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Effect of a Simulation Educational Intervention on Knowledge, Attitude, and Patient Transfer Skills: From the Simulation Laboratory to the Clinical Setting

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Effect of a Simulation Educational Intervention on Knowledge, Attitude, and Patient Transfer Skills: From the Simulation Laboratory to the Clinical Setting

Introduction: Musculoskeletal injury in the workplace is the primary work-related factor in loss of nursing personnel from the workforce. Moving or transferring patients is the dominant contributing event. A simulation educational approach has not been closely studied in this area but may have advantages over traditional approaches. Specific aims…

Introduction: Musculoskeletal injury in the workplace is the primary work-related factor in loss of nursing personnel from the workforce. Moving or transferring patients is the dominant contributing event. A simulation educational approach has not been closely studied in this area but may have advantages over traditional approaches. Specific aims were to (1) evaluate the effect of a simulation intervention on success of patient transfers in a clinical setting and (2) measure change in participants’ knowledge and attitude as a result of the intervention. Methods: A prospective, observational, longitudinal design was used. Baseline patient transfer observations were conducted on control and intervention units. An optimum task set was developed using hierarchical task analysis methods. Subjects (N = 71) completed pre- and postintervention knowledge and attitude assessments. The intervention consisted of simulated patient transfers using a mannequin, education, and training, followed by repeated simulated transfers using a mannequin with debriefing. Observations of patient transfers in patient care areas were repeated at 4 and 12 weeks. Results: Patient transfer success improved from 66% at baseline to 88% at the 4-week measurement point (t = 7.447, P ? 0.0004). At 12 weeks, transfer success had decreased to 71%, with addition of new employees between weeks 4 and 12 confounding the 12-week measurement. Knowledge improved from a baseline of 65% to 95% postsimulation intervention (z = ?6.634, P ? 0.0004). Attitude change was also evaluated with significance seen with 12 of 15 items (P ? 0.05). Conclusions: A simulation intervention was successful in significantly improving knowledge and changing subject perceptions with regard to this task. Skills acquired through simulation successfully transferred to the clinical setting. Improvement in success for patient moves not trained in the simulation laboratory suggests that acquired skills were generalizable and supports application to different settings.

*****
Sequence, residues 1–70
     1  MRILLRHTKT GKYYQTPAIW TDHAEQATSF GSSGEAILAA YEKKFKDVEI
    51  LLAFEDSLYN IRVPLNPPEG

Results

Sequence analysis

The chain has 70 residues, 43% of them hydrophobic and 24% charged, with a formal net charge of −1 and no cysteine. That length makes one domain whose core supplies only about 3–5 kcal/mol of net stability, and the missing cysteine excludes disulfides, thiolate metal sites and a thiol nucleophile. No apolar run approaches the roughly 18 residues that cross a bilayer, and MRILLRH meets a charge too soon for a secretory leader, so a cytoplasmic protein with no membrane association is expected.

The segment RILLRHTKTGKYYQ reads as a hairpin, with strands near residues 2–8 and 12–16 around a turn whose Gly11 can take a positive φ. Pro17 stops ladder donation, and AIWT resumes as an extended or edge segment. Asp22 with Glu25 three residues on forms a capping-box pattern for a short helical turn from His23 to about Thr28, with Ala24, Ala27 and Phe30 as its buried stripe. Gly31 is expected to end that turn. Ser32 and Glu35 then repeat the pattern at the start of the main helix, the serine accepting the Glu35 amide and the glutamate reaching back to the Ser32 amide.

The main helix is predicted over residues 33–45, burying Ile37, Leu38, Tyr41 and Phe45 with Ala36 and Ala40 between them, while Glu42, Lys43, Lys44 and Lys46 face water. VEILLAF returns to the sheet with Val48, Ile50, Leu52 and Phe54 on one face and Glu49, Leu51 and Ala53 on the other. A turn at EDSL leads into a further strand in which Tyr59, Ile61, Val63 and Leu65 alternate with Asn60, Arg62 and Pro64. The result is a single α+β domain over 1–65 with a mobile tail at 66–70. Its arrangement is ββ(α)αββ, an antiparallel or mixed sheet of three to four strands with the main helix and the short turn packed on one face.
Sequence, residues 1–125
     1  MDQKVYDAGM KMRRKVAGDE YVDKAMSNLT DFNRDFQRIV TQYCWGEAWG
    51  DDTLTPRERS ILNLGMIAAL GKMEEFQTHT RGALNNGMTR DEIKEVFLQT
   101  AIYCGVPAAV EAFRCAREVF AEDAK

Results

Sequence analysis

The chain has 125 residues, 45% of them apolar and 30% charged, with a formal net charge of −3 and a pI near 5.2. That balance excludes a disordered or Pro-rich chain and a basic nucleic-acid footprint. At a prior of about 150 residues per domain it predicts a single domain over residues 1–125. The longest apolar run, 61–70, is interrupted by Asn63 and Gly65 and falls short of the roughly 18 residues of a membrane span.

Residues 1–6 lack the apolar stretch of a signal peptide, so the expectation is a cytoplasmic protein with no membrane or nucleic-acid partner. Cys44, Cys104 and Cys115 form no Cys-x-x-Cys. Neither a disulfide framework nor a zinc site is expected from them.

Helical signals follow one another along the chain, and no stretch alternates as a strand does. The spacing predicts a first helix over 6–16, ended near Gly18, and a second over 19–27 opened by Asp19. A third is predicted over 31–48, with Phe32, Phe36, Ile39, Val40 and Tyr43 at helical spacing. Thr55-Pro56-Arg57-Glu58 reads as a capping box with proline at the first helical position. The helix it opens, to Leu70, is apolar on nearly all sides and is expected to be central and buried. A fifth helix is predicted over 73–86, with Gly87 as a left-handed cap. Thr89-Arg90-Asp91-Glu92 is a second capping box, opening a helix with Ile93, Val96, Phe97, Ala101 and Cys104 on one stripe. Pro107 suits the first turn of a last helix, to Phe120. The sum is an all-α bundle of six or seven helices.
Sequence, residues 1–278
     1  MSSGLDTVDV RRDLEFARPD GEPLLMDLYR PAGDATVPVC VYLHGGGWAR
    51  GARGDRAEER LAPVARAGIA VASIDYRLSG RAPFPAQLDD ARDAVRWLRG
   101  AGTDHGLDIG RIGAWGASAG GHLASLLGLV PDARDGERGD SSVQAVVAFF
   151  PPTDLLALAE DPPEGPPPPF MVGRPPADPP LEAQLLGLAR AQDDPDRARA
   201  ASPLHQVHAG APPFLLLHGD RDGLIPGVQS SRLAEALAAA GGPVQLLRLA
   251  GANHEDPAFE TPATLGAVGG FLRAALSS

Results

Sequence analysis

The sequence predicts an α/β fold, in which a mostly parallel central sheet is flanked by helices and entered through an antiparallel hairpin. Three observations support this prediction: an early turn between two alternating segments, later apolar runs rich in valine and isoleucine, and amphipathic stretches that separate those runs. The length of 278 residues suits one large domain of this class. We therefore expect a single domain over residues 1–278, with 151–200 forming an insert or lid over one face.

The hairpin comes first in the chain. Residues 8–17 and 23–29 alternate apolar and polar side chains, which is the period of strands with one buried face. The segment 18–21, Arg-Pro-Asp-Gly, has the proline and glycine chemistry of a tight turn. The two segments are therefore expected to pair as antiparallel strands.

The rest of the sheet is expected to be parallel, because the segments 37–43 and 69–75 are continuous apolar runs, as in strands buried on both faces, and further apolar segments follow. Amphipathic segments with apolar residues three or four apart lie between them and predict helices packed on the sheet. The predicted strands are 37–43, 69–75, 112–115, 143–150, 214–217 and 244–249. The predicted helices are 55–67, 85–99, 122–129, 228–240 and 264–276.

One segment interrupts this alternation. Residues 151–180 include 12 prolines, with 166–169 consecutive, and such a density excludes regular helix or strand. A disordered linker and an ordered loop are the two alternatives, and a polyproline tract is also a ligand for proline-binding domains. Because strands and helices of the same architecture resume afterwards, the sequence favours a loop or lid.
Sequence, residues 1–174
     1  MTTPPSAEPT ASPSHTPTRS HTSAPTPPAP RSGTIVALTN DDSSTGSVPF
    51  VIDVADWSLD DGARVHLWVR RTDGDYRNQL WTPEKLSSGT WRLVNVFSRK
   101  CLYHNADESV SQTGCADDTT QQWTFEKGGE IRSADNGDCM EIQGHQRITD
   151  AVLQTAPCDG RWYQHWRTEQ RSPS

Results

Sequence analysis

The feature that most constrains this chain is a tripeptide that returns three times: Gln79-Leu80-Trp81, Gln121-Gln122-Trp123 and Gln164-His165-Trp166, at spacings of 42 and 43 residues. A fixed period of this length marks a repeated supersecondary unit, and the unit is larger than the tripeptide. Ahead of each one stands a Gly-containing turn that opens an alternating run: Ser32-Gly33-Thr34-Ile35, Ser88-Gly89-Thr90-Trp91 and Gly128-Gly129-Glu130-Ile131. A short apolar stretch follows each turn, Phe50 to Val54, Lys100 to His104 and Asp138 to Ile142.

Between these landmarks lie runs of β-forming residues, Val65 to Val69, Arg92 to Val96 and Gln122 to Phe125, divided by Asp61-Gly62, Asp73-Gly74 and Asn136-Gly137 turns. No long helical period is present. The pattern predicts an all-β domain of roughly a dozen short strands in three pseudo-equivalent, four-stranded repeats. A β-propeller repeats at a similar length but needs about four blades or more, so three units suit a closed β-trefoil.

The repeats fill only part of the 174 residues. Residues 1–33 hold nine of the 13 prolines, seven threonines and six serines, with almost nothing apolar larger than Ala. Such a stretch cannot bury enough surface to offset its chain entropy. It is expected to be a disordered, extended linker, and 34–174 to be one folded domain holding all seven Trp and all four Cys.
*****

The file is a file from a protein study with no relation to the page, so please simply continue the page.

Read more: http://journals.lww.com/simulationinhealthcare/Fulltext/2011/04000/Effect_of_a_Simulation_Educational_Intervention_on.4.aspx

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